A TALE nuclease architecture for efficient genome editing

  title={A TALE nuclease architecture for efficient genome editing},
  author={Jeffrey C. Miller and Siyuan Tan and Guijuan Qiao and Kyle A. Barlow and Jianbin Wang and Danny F Xia and Xiangdong Meng and David E. Paschon and Elo Leung and Sarah Hinkley and Gladys P. Dulay and Kevin L Hua and Irina Ankoudinova and Gregory J Cost and Fyodor D. Urnov and H. Steve Zhang and Michael C. Holmes and Lei Zhang and Philip D. Gregory and Edward J Rebar},
  journal={Nature Biotechnology},
Nucleases that cleave unique genomic sequences in living cells can be used for targeted gene editing and mutagenesis. [] Key Result We identify TALE truncation variants that efficiently cleave DNA when linked to the catalytic domain of FokI and use these nucleases to generate discrete edits or small deletions within endogenous human NTF3 and CCR5 genes at efficiencies of up to 25%. We further show that designed TALEs can regulate endogenous mammalian genes. These studies demonstrate the effective application…

TALEN-Mediated Mutagenesis and Genome Editing.

A detailed in silico design tool for zebrafish genome editing for TALENs and CRISPR/Cas9 custom restriction enzymes using Mojo Hand 2.0 software is described.

TALENs: a widely applicable technology for targeted genome editing

The newly-developed transcription activator-like effector nucleases (TALENs) comprise a nonspecific DNA-cleaving nuclease fused to a DNA-binding domain that can be easily engineered so that TALens can target essentially any sequence.

A novel TALE nuclease scaffold enables high genome editing activity in combination with low toxicity

The combination of high nuclease activity with reduced cytotoxicity and the simple design process marks TALENs as a key technology platform for targeted modifications of complex genomes.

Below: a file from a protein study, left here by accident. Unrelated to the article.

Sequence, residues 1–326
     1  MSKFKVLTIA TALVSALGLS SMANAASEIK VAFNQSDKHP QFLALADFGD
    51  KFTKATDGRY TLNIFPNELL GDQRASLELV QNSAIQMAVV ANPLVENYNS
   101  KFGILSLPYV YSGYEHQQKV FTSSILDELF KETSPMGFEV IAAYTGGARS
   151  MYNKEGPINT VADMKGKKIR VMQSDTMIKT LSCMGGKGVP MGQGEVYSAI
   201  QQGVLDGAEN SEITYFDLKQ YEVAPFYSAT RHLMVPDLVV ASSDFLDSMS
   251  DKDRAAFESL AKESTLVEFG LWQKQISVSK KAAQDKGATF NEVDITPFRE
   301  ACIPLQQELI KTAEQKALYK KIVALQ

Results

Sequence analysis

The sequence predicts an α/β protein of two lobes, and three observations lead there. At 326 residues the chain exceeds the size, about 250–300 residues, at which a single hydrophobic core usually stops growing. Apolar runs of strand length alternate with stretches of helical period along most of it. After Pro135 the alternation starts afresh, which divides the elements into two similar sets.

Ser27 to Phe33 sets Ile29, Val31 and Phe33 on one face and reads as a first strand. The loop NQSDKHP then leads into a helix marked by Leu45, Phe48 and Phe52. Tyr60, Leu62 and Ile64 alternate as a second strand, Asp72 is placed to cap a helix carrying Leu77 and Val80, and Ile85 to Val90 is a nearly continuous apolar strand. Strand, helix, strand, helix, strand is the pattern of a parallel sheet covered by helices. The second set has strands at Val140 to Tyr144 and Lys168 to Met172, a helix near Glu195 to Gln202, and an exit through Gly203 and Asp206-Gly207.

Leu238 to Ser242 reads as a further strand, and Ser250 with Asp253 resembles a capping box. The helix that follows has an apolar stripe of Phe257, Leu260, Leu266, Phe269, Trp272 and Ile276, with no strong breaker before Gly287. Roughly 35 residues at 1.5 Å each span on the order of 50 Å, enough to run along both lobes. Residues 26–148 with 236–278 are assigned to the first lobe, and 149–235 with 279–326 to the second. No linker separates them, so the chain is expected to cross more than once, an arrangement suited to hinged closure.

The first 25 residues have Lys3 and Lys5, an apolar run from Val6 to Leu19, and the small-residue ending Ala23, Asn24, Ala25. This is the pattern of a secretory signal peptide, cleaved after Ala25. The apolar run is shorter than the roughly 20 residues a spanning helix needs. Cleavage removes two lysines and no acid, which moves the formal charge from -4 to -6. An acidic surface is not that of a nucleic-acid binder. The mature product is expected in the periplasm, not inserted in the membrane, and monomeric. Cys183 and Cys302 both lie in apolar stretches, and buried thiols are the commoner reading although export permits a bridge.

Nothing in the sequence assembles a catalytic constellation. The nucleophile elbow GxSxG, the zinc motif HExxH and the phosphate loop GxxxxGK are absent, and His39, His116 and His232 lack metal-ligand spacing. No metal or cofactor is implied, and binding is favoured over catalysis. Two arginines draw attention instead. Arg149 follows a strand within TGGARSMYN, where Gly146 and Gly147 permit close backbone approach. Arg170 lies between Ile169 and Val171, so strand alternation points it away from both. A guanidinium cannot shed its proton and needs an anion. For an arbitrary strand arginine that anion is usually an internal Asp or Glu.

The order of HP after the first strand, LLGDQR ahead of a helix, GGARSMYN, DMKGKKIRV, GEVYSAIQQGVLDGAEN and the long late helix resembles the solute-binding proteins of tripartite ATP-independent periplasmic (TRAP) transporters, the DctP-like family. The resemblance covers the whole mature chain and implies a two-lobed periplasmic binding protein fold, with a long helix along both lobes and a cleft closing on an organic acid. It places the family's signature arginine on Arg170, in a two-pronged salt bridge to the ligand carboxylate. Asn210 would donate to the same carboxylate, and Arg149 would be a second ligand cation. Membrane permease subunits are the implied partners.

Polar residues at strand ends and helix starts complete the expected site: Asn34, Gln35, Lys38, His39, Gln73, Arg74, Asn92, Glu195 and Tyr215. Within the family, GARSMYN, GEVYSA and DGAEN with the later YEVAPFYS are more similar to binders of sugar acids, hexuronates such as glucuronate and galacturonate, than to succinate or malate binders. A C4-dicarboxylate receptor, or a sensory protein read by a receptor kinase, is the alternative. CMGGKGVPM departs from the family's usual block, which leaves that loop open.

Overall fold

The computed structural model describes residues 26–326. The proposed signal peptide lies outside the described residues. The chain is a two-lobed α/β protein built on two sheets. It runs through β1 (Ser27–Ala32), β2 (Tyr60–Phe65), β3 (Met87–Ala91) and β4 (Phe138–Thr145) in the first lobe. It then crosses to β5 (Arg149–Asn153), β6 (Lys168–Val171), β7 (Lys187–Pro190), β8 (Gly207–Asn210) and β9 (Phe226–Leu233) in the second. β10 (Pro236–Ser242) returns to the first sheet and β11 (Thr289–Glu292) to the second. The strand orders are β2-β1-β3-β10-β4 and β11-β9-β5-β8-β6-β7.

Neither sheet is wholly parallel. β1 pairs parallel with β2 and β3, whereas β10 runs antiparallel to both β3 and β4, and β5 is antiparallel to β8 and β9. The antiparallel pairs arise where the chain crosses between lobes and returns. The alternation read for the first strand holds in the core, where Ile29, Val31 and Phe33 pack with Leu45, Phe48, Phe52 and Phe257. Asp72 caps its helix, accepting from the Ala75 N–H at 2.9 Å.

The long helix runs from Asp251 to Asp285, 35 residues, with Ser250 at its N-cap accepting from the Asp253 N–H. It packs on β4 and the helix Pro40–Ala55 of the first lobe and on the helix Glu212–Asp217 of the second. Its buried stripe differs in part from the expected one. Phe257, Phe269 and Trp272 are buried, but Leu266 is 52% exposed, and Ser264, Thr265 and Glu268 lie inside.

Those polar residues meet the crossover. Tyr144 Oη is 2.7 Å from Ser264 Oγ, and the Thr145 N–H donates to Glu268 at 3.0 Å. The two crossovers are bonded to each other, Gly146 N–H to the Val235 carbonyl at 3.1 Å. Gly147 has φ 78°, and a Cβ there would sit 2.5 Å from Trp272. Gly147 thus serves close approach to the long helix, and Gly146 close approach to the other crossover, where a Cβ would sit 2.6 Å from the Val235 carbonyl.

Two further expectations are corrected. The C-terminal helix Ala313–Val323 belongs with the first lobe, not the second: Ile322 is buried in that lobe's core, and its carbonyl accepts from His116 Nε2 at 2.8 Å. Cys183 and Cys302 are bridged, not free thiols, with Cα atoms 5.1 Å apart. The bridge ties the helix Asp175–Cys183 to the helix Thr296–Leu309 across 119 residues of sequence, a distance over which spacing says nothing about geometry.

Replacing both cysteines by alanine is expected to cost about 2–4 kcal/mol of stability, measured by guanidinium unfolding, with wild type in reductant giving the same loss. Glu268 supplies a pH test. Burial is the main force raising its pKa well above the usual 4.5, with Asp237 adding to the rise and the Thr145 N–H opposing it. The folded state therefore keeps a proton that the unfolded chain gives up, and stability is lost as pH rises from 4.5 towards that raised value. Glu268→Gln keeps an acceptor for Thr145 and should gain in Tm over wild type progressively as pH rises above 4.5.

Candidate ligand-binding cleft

Genome-Editing Technologies: Principles and Applications.

Three foundational technologies-clustered regularly interspaced short palindromic repeats (CRISPR)- CRISPR-associated protein 9 (Cas9), transcription activator-like effector nucleases (TALENs), and zinc-finger nuclease (ZFNs) are reviewed, illustrating how this technology can complement targeted nucleases for synthetic biology and gene therapy.

[TALE nuclease engineering and targeted genome modification].

The recent progresses and prospects of TALEN technology are summarized, with an emphasis on its structure, function, and construction strategies, as well as a collection of species and genes that have been successfully modified by TALens, especially the application in zebrafish.

Genome editing comes of age

This work highlights the key advances that set the foundation for the rapid and widespread implementation of CRISPR–Cas9 genome editing approaches that has revolutionized the field.

Design, evaluation, and screening methods for efficient targeted mutagenesis with transcription activator‐like effector nucleases in medaka

It is found that a specific pattern of mutations is dominant for TALENs harboring several base pairs of homologous sequences in target sequence, and a 5′ T, upstream of each TALen‐binding sequence, is not essential for genomic DNA cleavage.



Critical parameters for genome editing using zinc finger nucleases.